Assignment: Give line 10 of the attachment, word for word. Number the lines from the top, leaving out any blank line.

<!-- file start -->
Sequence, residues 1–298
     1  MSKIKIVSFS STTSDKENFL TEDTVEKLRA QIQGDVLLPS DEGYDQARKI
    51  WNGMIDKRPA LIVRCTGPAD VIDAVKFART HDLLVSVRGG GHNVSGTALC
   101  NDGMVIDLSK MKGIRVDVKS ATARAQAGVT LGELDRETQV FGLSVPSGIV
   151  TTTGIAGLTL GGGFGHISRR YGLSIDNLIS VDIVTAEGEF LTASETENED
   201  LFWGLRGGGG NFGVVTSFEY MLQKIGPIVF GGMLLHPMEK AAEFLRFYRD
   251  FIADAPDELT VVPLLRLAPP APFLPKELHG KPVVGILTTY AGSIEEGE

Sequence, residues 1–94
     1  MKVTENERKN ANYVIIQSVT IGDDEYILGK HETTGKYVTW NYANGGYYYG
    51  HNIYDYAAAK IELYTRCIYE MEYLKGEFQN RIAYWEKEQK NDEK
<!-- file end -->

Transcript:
    51  HNIYDYAAAK IELYTRCIYE MEYLKGEFQN RIAYWEKEQK NDEK